Distilling the various recommendations from this year-long study is not easy.  We decided to focus on concrete and achievable aims and objectives rather than blue-skies thinking. Our five recommendations, thus, are as follows:

  • Create sample exam papers and sample curricular materials for each of the three A-level options in Science & Technology in Spanish, Business & Economics in Spanish, and Film-making in Spanish
  • Contact A-level boards that offer Spanish to gauge their opinion on these new options and provide assistance to them if they would like to include options of this kind in their current Spanish A-level curriculum
  • Encourage and incentivise ML university departments to create new courses that will allow students taking these options to continue these curricular combinations to BA level
  • Strengthen the attractiveness of the provision of literature and film options by focussing on the cultural capital and competencies articulated in literary and filmic texts
  • Articulate more clearly the narrative on the employability of students who take languages:  “We need to take a leaf out of the STEM textbook and tell a better story about how Modern Languages can get you a great job.”

In order to implement these five recommendations, the BAS editorial team have created sample curricular materials for each of the three A-level options in Science & Technology in Spanish, Business & Economics in Spanish, and Film-making in Spanish.  We will be contacting A-level boards over the summer and autumn of 2022 to propose changes to the current Spanish A-level curriculum based on these proposals.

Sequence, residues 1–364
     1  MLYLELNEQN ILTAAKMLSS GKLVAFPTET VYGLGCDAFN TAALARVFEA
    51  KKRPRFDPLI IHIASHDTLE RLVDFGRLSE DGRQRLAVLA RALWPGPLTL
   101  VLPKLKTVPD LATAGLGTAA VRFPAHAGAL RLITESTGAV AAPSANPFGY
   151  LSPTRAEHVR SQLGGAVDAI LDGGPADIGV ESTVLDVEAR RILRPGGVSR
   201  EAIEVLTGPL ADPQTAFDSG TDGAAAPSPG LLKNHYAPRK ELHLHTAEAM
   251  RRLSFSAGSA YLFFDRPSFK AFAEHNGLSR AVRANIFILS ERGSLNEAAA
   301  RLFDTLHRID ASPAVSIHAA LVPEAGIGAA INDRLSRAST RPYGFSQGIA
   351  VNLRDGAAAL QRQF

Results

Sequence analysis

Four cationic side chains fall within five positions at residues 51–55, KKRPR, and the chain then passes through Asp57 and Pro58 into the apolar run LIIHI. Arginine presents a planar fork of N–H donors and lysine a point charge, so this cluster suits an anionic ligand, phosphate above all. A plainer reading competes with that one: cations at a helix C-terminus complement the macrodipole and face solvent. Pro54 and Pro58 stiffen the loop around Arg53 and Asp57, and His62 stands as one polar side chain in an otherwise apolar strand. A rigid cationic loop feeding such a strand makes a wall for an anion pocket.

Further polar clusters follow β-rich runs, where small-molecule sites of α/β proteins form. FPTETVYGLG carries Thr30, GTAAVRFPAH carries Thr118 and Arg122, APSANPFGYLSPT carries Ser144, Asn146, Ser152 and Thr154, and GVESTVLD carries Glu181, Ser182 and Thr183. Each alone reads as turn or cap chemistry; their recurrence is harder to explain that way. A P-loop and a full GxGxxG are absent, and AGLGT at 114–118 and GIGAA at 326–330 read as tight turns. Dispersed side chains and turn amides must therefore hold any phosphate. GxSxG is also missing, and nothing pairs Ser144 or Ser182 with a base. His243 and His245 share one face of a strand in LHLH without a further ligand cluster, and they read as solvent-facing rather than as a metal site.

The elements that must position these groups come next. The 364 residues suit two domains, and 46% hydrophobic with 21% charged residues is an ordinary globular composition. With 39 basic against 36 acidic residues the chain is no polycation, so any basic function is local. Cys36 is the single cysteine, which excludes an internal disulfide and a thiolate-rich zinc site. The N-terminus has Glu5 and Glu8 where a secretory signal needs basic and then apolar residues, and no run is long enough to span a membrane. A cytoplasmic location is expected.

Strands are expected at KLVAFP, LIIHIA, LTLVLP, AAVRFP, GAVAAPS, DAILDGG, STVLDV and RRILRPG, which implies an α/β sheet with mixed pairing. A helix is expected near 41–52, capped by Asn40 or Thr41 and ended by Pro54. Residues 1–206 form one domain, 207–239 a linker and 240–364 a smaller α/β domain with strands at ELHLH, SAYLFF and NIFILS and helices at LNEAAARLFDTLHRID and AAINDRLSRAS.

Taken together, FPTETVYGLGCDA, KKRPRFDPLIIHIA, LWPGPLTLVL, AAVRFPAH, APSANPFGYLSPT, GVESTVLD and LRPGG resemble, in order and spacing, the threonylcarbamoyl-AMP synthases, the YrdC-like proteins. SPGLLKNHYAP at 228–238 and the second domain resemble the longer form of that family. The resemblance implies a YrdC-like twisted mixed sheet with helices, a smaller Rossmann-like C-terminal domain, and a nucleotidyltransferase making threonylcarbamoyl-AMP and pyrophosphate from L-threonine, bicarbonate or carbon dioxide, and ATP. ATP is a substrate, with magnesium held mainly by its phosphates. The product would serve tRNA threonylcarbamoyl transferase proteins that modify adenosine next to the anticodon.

This project has led to the creation of a new proposal for targeted investment at UCL in “Language”, submitted on behalf of the Faculty of Arts and Humanities to the UCL’s Strategic Plan 2022-27 on 31 March 2022 (https://www.ucl.ac.uk/strategic-plan-2022-27), which includes incentivising ML university departments to create new BA cross-faculty courses combining languages and science. We will be using the BAS student essay competition – as well as a series of specially commissioned articles on A-level texts that focus on cultural capital and competencies, to be published in BAS – as a vehicle to enhance the quality of student essays on literature and film options. Finally we will introduce a new focus in BAS on employability for ML graduates, commissioning opinion-pieces from individuals who have used their ML as a spring-board to success in their lives at work, in order to create a more vibrant narrative about how Modern Languages can open doors into a variety of different careers.

[1] ‘Developing a Partnership Between Universities and Schools in Order to Enhance the Student Experience of the Spanish A-level’; https://www.ucl.ac.uk/european-languages-culture/research/research-projects

[2] Oliver Hopwood, ‘Planning for Growth in Modern Languages: Some Fundamentals’, paper given at UCL webinar, ‘Modern Languages: Challenges and Solutions’, 14 October 2021; for recording see webinar recording in previous note.

[3] Stephen Hart, ‘Modern Languages: Challenges and Solutions: The Results of the Bulletin of Advanced Spanish Opinio Modern Languages Survey (June-July 2021)’, BAS (October 2021); https://bulletinofadvancedspanish.files.wordpress.com/2022/02/bas-5.1-october-2021-archive-2.pdf

[4] For discussion of the three options see https://www.youtube.com/watch?v=hMDySGlAgUE.

[5] Helen Laurenson, ‘Re-framing language A-level in the Post-Covid Context‘, plenary lecture given at UCL on 3 May 2022.

[6] Helen Laurenson, ‘Putting life skills at the core of the Spanish A level’, BAS (October 2021); https://bulletinofadvancedspanish.files.wordpress.com/2022/02/bas-5.1-october-2021-archive-2.pdf

[7] https://bulletinofadvancedspanish.com/vote-for-modern-languages/

[8] For the survey results, see the Results Survey (March 2022).